Clouds consist of tiny water droplets held aloft by a combination of their drag and rising air currents. As the near spacecraft climbs through a cloud, the sun illuminates the top and bottom of the cloud making it easy to see the ragged fluffs near the base and crown of the cloud. However, once inside a cloud, the camera only sees a grey-colored haze similar to what people see when they stand inside a fog bank. These near space images illustrate that fog is merely a cloud on the ground. A relative humidity sensor will show relative humidity levels approaching one hundred percent as the near spacecraft approaches clouds. Therefore, an onboard GPS receiver in conjunction with a relative humidity sensor is one way to determine the altitude of clouds. A temperature sensor will indicate if the cloud consists or liquid or solid water. This data along with imaging shows that clouds exist at a variety of altitudes and different shapes and compositions.

This image is over 13 miles long from front to back. The flat surface of water in this Kansas reservoir reflects sunlight near the middle of the image like a mirror. This indicates that the wind speed is so low at the surface that the water is smooth and not choppy. The near spacecraft is still low enough to make out individual buildings, since it was launched only a few minutes earlier. The buildings and parking lots are interspersed with trees and roads. The roads, we can see stop at or work their way around the reservoir. The atmosphere is deeper closer to the top of the image making the air’s haziness more apparent as you look through more atmosphere. The image is of Lake Shawnee, east of Topeka. The river at the top is the meandering Kansas River. Two islands and a sand bar are visible in the river. The roads on the left edge of the image are the I-470/I-70 interchange. Images taken at an angle, rather than straight down are less useful for mapping but more interesting from an artistic point of view.    

The higher the near spacecraft climbs, the bluer the ground below the near spacecraft becomes. Why? It’s because more of the atmosphere is located below the near spacecraft and no longer above. The atmosphere primarily consists of molecules of oxygen and nitrogen that nearly the same size as a wavelength of blue light. One result of this match in size is that molecules in the atmosphere scatter blue wavelengths of light more strongly than they scatter red wavelengths of light. On the ground, no matter which direction you look in the sky, you are seeing blue light emitted by the sun. In near space, the same is only true when you look down. This mission took place over eastern Kansas where the land is divided into one mile squares bordered by gravel county roads. Each square mile encompasses four sections, each one half mile on a side. The small community below is next to an airport. From the scale of this image, we can determine that the runway at this airport is 7,000 feet long.      

Near space missions launched 75 minutes before local sunrise experience a sunrise scene similar to the one astronauts see from their perch in Earth orbit. In near space, the sun rises up to 20 minutes earlier than on the ground below because at that height, the near spacecraft can see well over the edge of Earth. In fact, in near space the horizon can appear as much as five degrees lower than it does from the ground. So the 180 degrees of sky we see on the ground becomes 190 degrees in near space. The lack of air in near space also means that the sky overhead never turns red with the approach of dawn. All the atmospheric play of color we enjoy on the surface is compressed into a narrow band of electric color rimming Earth’s eastern horizon. Silhouettes of clouds make the edge of Earth appear rough against the coming dawn. When visible, the Morning Star, Venus is visible as a pin point of light in images like this.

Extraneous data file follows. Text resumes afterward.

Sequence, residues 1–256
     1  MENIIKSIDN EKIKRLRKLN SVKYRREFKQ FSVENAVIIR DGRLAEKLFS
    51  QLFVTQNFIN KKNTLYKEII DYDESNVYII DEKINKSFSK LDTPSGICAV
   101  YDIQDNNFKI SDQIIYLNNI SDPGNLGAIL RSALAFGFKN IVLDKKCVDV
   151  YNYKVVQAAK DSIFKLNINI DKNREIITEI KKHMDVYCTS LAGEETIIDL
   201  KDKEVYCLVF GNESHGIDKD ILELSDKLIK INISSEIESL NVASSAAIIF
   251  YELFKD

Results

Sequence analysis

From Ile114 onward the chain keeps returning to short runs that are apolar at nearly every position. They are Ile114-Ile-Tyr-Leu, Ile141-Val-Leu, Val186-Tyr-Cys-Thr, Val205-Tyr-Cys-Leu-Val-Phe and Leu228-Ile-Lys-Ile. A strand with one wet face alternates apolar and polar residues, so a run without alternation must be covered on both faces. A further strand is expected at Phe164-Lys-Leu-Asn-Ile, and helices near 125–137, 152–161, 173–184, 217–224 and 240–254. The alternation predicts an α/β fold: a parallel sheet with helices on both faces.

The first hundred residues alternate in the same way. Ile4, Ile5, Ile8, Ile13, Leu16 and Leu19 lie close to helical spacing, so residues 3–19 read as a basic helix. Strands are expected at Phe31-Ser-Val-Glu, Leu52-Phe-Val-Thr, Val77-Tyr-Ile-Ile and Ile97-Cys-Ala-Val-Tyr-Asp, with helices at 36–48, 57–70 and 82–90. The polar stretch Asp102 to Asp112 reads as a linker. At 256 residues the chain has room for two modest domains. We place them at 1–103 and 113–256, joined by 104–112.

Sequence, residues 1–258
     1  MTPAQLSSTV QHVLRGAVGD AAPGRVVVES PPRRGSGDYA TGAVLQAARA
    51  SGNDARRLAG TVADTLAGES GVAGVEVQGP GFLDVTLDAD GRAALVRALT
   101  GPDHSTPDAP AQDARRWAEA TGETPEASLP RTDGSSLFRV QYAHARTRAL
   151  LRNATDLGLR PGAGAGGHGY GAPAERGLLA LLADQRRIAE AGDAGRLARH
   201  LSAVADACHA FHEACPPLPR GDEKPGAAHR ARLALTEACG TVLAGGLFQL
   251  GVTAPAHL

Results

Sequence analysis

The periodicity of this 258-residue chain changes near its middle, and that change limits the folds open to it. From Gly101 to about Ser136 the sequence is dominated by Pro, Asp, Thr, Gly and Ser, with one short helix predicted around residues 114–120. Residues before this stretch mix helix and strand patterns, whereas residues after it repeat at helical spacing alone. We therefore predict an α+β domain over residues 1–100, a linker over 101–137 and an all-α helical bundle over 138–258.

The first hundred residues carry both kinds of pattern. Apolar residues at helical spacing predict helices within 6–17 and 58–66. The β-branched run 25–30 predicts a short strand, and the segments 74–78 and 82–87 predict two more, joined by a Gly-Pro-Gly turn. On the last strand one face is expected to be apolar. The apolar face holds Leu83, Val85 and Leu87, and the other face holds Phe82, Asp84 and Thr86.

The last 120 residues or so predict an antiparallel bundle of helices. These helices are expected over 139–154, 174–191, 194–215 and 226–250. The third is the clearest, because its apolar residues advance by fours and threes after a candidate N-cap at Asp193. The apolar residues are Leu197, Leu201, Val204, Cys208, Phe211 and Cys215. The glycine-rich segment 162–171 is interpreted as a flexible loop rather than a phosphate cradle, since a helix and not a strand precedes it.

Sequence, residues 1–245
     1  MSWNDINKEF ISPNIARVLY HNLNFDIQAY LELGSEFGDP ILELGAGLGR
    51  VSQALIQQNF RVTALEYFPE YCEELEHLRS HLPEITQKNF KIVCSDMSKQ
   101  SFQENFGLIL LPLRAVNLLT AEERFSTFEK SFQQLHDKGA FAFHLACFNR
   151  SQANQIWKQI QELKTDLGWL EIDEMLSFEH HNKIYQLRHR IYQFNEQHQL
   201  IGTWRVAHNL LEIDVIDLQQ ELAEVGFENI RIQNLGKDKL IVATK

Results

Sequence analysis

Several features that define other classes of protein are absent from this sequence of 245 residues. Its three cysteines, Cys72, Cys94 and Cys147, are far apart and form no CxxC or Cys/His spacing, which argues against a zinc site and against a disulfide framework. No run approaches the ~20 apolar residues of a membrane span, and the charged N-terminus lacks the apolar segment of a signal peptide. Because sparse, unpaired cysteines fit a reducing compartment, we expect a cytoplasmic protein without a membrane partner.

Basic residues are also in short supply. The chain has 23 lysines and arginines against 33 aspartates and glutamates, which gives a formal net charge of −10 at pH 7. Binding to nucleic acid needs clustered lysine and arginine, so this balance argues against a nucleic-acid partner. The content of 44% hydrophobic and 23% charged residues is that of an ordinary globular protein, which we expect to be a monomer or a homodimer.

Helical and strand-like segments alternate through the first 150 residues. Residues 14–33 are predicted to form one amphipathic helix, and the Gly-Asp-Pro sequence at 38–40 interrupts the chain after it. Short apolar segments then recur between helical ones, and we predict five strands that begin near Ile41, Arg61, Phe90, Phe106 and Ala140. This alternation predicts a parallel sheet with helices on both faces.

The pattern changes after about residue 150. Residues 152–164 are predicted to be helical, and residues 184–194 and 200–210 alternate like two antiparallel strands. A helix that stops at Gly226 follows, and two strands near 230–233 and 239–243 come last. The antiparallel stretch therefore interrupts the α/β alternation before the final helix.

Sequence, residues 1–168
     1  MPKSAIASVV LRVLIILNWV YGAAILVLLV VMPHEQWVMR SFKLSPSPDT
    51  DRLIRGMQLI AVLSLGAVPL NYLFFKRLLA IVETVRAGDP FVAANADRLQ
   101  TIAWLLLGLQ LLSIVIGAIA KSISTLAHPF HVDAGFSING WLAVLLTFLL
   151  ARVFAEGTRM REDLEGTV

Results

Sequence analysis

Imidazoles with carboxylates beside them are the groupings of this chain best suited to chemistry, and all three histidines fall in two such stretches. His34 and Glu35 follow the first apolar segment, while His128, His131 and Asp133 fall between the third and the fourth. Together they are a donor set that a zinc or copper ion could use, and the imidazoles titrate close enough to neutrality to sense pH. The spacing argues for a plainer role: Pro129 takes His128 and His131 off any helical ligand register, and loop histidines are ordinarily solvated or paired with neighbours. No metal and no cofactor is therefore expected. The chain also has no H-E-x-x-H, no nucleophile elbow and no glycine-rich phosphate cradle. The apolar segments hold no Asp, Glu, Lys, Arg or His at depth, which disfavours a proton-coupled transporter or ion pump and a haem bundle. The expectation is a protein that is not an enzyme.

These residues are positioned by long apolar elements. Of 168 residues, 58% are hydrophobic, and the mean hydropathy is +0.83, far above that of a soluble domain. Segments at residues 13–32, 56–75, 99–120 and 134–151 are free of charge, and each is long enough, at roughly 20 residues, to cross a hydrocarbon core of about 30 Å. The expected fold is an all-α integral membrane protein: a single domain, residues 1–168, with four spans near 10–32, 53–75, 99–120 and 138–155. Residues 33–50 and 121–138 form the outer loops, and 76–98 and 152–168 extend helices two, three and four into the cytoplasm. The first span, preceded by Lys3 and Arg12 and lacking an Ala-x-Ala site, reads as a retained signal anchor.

We’re accustomed to seeing the sky turn blue with the advent of sunrise. This is never the situation in near space, especially once the near spacecraft ascends above 85,000 feet. Rather, the sky overhead remains pitch black and the sun becomes an intense disk of light. The sun’s light is richer in blue and ultraviolet because the lack of air can no longer scatter it out. The digital camera taking this picture was unable to render an image of the sun due to its intensity – this is not an image of a total solar eclipse from near space. Below the near spacecraft, a contrail from a jet airplane remains long after the airplane has left the scene. Contrails are the result of water from the jet’s exhaust condensing on the particulate matter emitted by jet engines. The fact that the contrail appears this long indicates that the air at the jet’s altitude is humid. The drier the air, the more quickly the water and ice droplets evaporate back into the air and the shorter the contrail.         

Images like these are why I got hooked on amateur near space exploration. For an astronaut wannabe like me, images from near space are the closest I’ll come to traveling into space - the near spacecraft is my space avatar. Twice now, photo lab technicians have asked if I was an astronaut when I asked them to print photographs like this. In images like these, the curvature of Earth’s horizon and the blackness of space becomes apparent. Earth is definitely a planet set in the inky blackness of airless space. There are no political boundaries visible from near space; even through the horizon is 400 or more miles away. In this image, a thunderhead rises above lower stratus clouds. For launch crews, the sky was an amorphous mass of gray and it wasn’t until after recovery that they realized storm clouds were overhead. Amateur near space exploration is open to everyone. If you want pictures taken from a very different perspective, web search for your closest near space group or consider getting an amateur radio license and starting your program.